By Shao-Chee Sim
VP for Research and Evaluation
Behind the daily deluge of charts and data about COVID-19 cases and hospitalizations, we are seeing the growing importance of non-medical factors, or social determinants of health (SDOH), in understanding how best to craft public policy responses to the pandemic. These social factors, such as race, income, housing, education factors, and more have been exacerbated by COVID-19 and contribute to health inequities during the pandemic.
We anticipate the increased focus on SDOH will only add to recent federal and state policy initiatives that incent greater health care investments in SDOH. For example, Centers for Medicare & Medicaid Innovation awarded $155 million to 30 communities for the Accountable Health Communities (AHC) model in 2017, a five-year project that supports local communities in addressing the health-related SDOH needs of Medicare and Medicaid beneficiaries. Out of the 30 sites selected, three sites are based in Texas. In 2019, EHF and Robert Wood Johnson Foundation are sponsoring a learning collaborative for the Texas Medicaid agency and its managed care organizations to strengthen the capacity of these organizations in developing and implementing SDOH strategies.
While there is increased policy momentum to strengthen the role of health care systems in identifying and addressing patients’ SDOH needs, the language of SDOH is not fully understood and often misinterpreted, especially among health care consumers.
So, what is SDOH?
At its core, SDOH refers to the notion that health is shaped by many factors beyond medical care. According to World Health Organization, SDOH is defined as the “conditions in which people are born, grow, work, live and age….” Healthy People 2020 defines SDOH in five inter-related domains: economic stability, education, social and community context, health and health care, and neighborhood and built environment. While some may tend to interpret SDOH from a “deficit” frame, it is equally important SDOH can also be framed as “asset-based” or protective factor of good health.
Because we understand the importance of consumers’ understanding of SDOH, EHF commissioned the first-ever Texas public opinion survey on SDOH. The survey revealed that the majority of Texans understand that having good medical care is not enough for a person to live a healthy life. They also believe Texans would be healthier if the state government, health insurance, and doctors address these underlying, non-medical factors that affect health.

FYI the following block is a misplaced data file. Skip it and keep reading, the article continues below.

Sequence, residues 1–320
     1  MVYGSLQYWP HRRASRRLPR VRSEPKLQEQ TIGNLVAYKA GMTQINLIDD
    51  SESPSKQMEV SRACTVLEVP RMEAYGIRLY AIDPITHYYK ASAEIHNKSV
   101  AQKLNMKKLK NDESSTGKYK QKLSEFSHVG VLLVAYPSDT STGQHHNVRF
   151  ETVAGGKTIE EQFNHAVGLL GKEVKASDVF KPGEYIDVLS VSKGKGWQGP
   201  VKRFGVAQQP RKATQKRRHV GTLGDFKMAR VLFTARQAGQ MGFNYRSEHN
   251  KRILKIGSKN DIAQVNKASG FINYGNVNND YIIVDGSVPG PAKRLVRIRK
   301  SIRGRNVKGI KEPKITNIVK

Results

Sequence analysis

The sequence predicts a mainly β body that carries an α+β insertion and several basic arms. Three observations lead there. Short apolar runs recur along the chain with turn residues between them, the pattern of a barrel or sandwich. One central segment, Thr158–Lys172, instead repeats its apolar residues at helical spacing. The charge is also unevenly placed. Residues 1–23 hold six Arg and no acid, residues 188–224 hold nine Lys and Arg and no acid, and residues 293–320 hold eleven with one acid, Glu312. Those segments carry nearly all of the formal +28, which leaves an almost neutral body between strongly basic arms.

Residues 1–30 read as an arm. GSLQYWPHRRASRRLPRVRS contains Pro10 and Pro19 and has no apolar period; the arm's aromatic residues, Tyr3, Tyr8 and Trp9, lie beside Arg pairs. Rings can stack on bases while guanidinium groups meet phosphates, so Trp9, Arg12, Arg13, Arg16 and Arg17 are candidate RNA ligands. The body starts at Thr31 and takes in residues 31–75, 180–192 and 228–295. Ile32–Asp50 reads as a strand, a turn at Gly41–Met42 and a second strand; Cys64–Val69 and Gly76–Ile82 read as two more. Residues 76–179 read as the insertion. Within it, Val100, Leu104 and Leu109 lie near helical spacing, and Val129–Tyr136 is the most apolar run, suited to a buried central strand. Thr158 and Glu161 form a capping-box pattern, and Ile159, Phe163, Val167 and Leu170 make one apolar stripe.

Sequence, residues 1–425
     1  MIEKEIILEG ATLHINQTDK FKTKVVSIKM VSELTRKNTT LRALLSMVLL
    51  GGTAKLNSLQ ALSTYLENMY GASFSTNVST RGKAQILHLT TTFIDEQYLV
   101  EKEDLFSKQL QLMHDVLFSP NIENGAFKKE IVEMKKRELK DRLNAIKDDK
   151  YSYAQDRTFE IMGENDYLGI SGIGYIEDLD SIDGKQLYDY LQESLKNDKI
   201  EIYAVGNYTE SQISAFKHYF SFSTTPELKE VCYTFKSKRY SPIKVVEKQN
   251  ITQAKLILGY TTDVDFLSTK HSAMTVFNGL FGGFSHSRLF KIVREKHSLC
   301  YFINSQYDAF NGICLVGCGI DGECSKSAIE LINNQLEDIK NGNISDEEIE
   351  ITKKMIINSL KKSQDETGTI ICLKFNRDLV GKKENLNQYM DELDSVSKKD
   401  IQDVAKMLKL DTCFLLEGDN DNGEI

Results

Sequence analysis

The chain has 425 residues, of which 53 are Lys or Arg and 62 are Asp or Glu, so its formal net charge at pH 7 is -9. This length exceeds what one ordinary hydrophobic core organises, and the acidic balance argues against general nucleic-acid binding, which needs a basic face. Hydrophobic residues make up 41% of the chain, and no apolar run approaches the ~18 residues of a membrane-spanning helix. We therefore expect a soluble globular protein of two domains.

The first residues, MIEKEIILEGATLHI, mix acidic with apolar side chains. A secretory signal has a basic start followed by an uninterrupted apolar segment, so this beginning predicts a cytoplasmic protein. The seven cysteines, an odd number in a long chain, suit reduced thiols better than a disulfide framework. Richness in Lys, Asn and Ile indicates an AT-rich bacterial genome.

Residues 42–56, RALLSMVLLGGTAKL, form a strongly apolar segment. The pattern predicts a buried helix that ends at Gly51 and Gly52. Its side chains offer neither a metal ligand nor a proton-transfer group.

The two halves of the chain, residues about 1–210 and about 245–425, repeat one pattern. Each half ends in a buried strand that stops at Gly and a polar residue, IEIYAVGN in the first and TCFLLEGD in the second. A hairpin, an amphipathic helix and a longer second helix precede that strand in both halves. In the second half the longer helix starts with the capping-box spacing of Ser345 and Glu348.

While the survey shows a basic knowledge and appreciation of the value of SDOH, the terminology used by those in the field is not well understood by the public.
Note: Don’t know/Refused responses are not shown
When asked if they are familiar with the term “social determinants of health,” fewer than four in 10 (38%) say they are familiar with the term, but six in 10 (61%) say they are unfamiliar (see chart above). Those who are least familiar with the term “social determinants of health” are those with less education (29% High School or less), those with lower incomes (32% below 250% Federal Poverty Level), or those with no health insurance coverage (30%).
We also asked survey participants about their familiarity with other terms or phrases similar to SDOH. The survey responses show that just one-third (33%) are familiar with the phrase “drivers of health” and slightly fewer (29%) are familiar with the phrase “upstream causes of health.” A larger portion of the Texas adult population is familiar with the term “non-medical factors” (56%) and even more are familiar with the phrase “social risk factors” (60%).
As SDOH work continues to grow nationally and in Texas, there is an opportunity for public and private funders, health system leaders, social service providers and other stakeholders to develop consensus in the use of SDOH terminology. We should avoid projecting “negative” or “deficit” connotations when communicating about SDOH to various stakeholders.
The pandemic has created important opportunities for public dialogue and policy discussion about ways to address SDOH challenges. It is never too late to figure out how best to educate health care consumers, especially those with the least resources, about SDOH terminology.